"B.O.B." was named song of the decade by Pitchfork a few years ago and to date this is my favorite bit of writing the music criticism site has published.
So you’ve spent the past five days clicking through pages of this countdown only to find out that the best single of the 2000s was released just 10 months into the decade. (To the ensuing nine or so years of music: thanks for showing up.) And that it’s the very same song that topped Pitchfork’s Best Songs of 2000-2004 list from five years ago. Now you know how your parents feel when they tune into a long-weekend classic-rock radio countdown for the inevitable valedictory spin of “Stairway to Heaven”.
But really, do we have any other choice? “B.O.B.” is not just the song of the decade— it is the decade. Appropriately, the contemporary hip-hop act most in tune with the Afro-Futurist philosophies of Sun Ra, George Clinton, and Afrika Bambaataa, wound up effectively crafting a fast-forwarded highlight-reel prophecy of what the next 10 years held in store. The title— aka “Bombs Over Baghdad”, a phrase that sounded oddly anachronistic in 2000, sadly ubiquitous two and a half years later— is only the start of it. In “B.O.B“‘s booty-bass blitzkrieg, we hear an obliteration of the boundaries separating hip-hop, metal, and electro, setting the stage for a decade of dance/rock crossovers. We hear a bloodthirsty gospel choir inaugurating a presidential administration of warmongering evangelicals. We hear André 3000 and Big Boi fire off a synapse-bursting stream of ripped-from-the-headlines buzzwords (“Cure for cancer/ Cure for AIDS”), personal anecdotes (“Got a son on the way by the name of Bamboo”) and product placements (“Yo quiero Taco Bell”) that read like the world’s first Twitter feed. We hear four minutes of utter fucking chaos yielding to a joyously optimistic denouement (a point reinforced by the Stankonia cover’s re-imagination of the American flag, which anticipates a White House set to be painted black).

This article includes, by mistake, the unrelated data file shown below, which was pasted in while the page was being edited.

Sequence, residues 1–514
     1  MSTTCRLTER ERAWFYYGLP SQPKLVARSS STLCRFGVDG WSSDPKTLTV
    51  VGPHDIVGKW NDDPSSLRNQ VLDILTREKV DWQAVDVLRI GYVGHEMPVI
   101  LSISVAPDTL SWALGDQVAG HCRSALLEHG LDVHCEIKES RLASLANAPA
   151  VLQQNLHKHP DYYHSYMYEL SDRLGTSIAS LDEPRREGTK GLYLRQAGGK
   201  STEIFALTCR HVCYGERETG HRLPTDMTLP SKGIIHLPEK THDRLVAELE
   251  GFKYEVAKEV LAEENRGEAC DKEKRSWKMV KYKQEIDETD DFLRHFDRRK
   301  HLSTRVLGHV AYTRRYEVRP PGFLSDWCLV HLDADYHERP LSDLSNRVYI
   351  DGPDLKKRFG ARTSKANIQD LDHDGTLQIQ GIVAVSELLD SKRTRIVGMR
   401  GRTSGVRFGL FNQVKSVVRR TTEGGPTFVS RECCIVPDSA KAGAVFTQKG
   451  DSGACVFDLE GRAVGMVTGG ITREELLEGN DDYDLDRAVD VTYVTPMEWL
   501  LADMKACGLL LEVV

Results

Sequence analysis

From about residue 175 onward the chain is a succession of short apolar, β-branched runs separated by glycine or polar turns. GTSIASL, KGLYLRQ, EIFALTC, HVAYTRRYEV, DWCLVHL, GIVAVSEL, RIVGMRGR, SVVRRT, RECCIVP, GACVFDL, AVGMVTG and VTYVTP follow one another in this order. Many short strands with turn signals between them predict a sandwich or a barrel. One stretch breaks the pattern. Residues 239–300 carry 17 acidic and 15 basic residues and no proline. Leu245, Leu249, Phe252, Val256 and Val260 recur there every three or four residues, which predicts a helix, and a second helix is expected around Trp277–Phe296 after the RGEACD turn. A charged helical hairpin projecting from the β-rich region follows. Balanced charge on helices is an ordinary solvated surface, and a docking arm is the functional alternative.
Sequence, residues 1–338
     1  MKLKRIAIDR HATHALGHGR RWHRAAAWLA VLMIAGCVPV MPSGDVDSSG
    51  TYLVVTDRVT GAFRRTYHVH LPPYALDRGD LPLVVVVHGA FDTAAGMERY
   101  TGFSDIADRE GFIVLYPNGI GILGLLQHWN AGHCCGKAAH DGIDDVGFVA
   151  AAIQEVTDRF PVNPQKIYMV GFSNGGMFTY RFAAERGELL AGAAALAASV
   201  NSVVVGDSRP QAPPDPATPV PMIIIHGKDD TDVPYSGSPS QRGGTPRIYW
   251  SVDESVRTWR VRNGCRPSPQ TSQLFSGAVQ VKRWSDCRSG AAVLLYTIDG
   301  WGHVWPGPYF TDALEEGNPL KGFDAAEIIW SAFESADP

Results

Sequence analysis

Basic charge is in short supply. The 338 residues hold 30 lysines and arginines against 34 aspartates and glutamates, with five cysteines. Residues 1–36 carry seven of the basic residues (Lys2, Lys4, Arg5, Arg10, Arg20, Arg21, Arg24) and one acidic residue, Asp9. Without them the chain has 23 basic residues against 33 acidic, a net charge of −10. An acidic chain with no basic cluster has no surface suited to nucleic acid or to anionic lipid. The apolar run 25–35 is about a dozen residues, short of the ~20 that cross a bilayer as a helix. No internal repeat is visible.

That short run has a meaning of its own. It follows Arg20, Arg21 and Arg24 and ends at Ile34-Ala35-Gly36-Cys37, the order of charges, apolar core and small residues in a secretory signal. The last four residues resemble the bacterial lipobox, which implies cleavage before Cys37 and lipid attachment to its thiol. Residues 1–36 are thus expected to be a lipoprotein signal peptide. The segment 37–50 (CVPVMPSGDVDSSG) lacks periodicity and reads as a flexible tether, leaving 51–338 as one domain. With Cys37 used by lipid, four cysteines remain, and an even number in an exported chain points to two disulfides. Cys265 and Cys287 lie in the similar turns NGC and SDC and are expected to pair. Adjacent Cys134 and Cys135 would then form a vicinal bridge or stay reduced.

Of course, there is a downside of being ahead of your time— upon its release, “B.O.B.” didn’t even dent the Billboard Hot 100, and merely peaked at No. 69 on the Hip-Hop/R&B Chart. But unlike OutKast’s subsequent number one singles (“Ms. Jackson” and “Hey Ya”) “B.O.B.” is too disorienting and exhausting an experience to ever succumb to over-saturation, and its majesty has never been diminished by ironic cover versions from cred-hungry rock bands. Because even after a decade that’s seen the act of copying music become as easy as a mouse-click, and the process of performing simplified for toy video-game guitars, the future-shocked ferocity “B.O.B.” is something that just cannot be duplicated. —Stuart Berman